TUSCALOOSA, Ala. – Activist and filmmaker Curtis Chin will screen his education and equality documentary “Tested” on Monday, Feb. 29, at The University of Alabama.
Chin’s screening and discussion are part of the James P. Curtis Distinguished Lecture Series, hosted annually by the UA College of Education. The screening will begin at 5 p.m. in 118 Graves Hall. The event is free and open to the public.
“Tested” chronicles a dozen New York City eighth-graders from racially and socio-economically diverse backgrounds as they prepare for a single standardized test to gain admission into the city’s most elite public high schools. The documentary explores such issues as access, affirmative action and the model-minority myth, or the perception that certain minority groups have higher achievement rates.
New York City’s public school system has 1.1 million children, the largest in the country. Blacks and Hispanics make up 70 percent of New York City’s school-aged population, but they represent less than 5 percent of the students at the city’s elite public high schools.
“The film looks at equal treatment through the prism of education,” Chin said. “Are we getting a fair shake in this society? Every family is under a lot of stress, rich or poor. But rich families have options if public school doesn’t work out for them. Poor kids don’t, and they depend on public education to give them a boost.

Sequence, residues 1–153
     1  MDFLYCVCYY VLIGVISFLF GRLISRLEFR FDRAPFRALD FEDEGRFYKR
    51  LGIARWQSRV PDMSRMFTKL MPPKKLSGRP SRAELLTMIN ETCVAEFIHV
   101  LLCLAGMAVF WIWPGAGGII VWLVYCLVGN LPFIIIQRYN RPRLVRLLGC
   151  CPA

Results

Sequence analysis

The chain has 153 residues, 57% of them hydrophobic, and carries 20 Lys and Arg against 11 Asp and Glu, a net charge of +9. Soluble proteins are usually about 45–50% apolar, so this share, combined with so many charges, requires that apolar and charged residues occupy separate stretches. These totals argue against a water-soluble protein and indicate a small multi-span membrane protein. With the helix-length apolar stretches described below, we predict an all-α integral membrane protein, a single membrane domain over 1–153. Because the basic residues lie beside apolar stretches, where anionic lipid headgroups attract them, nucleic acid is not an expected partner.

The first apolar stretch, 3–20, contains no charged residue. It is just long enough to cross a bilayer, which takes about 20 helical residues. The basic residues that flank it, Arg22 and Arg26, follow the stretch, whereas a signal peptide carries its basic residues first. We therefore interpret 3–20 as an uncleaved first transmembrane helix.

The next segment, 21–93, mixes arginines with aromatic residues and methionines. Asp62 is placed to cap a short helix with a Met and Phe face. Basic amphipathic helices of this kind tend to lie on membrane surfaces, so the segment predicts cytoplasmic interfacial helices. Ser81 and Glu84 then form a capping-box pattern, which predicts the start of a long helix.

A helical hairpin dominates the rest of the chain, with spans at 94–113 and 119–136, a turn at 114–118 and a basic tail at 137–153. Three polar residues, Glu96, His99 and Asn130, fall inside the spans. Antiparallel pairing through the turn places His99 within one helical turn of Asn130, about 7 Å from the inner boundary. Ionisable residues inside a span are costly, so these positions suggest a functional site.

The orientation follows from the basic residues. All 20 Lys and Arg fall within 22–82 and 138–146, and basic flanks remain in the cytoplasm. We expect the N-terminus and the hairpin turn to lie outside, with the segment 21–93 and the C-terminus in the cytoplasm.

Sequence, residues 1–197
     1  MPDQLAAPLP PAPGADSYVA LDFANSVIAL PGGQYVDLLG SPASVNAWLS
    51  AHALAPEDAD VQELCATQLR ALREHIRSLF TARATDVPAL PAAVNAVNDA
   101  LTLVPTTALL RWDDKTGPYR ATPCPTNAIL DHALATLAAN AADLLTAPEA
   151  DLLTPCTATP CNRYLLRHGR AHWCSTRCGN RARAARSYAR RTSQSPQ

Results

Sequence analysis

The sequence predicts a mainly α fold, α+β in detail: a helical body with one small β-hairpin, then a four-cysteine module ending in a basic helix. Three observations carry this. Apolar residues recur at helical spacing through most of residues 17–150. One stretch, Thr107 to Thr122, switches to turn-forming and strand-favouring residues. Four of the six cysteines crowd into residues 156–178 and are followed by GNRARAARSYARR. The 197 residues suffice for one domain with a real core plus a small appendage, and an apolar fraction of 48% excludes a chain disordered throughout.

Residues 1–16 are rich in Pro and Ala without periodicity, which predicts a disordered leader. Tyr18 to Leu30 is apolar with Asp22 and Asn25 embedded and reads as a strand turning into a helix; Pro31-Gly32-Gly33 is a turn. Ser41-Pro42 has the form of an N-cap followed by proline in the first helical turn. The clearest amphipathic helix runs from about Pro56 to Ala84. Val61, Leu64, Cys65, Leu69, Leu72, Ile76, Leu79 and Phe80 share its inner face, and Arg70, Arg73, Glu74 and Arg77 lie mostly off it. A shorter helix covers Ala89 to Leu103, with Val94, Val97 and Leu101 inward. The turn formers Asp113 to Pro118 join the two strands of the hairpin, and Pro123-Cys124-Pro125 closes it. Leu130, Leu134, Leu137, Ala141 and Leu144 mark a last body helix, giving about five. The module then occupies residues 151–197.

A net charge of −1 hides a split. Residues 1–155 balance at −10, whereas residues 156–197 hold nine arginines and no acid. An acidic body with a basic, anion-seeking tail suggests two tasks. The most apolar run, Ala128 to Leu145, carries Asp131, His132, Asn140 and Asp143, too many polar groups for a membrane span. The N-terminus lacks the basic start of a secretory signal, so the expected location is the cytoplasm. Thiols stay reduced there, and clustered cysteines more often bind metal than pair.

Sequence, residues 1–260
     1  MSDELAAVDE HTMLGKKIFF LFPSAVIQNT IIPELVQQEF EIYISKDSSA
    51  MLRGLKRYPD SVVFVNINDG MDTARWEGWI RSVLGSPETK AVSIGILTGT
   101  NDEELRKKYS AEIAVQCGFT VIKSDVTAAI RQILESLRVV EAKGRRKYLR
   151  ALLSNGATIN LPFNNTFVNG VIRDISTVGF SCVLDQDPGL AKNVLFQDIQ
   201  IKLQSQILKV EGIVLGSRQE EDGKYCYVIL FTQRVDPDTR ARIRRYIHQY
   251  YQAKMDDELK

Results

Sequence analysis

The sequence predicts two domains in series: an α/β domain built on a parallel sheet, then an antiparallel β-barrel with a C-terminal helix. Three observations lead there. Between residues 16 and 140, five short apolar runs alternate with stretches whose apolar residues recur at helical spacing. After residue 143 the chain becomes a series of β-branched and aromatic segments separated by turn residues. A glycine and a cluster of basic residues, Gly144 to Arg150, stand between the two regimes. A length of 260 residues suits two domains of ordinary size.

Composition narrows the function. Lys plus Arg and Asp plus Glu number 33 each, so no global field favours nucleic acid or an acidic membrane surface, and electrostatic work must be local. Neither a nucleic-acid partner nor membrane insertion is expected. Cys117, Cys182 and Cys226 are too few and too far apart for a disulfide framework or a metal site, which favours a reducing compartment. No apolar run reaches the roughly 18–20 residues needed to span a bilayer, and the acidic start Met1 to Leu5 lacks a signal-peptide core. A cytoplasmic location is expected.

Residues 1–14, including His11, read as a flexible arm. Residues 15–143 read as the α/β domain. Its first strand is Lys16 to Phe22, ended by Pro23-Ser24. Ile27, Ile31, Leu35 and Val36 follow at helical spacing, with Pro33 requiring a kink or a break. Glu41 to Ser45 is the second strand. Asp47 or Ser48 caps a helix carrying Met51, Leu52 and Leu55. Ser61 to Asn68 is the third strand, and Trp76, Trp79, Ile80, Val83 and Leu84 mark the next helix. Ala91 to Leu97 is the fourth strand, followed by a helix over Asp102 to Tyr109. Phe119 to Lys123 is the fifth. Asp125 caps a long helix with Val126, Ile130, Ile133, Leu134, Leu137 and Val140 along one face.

“Low-income kids are dealing with basic issues like nutrition, and we need to talk about that. We also need to look at how we look at how kids are perceived by teachers … for instance, teachers have a tendency to over-suspended kids of color.”
Chin is on a nationwide 50-school, 10- conference tour in which he’s screening and discussing “Tested.”
Chin, a visiting scholar at New York University, is a community activist and co-founder of the Asian American Writers Workshop and Asian Pacific Americans for Progress. His first film, “Vincent Who?,” has been screened at nearly 400 colleges, nongovernmental organizations and corporations in four countries.
Chin said the solution to narrowing the achievement gap between the rich and poor and the racially diverse is simple: focus on improving families.
“Social safety nets have been cut, and families are under so much pressure,” Chin said. “The burden falls on schools, as they’re often the last place for families to get help. In order to increase achievement, you have to take a step back to see how we’re supporting families in general. You can’t just fix the schools. You have to fix everything.”
The James P. Curtis Distinguished Lecture Series was created by the board of directors of the Capstone Education Society to bring a renowned educator or public figure to the campus each year to lecture about contemporary education issues. It was named in honor of Dr. James P. Curtis, a faculty member in the College of Education for 23 years.
During his service to the University as professor of administration and educational leadership and assistant dean of the Bureau of Educational Services and Research, and through his guidance, Curtis influenced the lives and careers of countless students who have become prominent educators throughout Alabama, the United States and the world.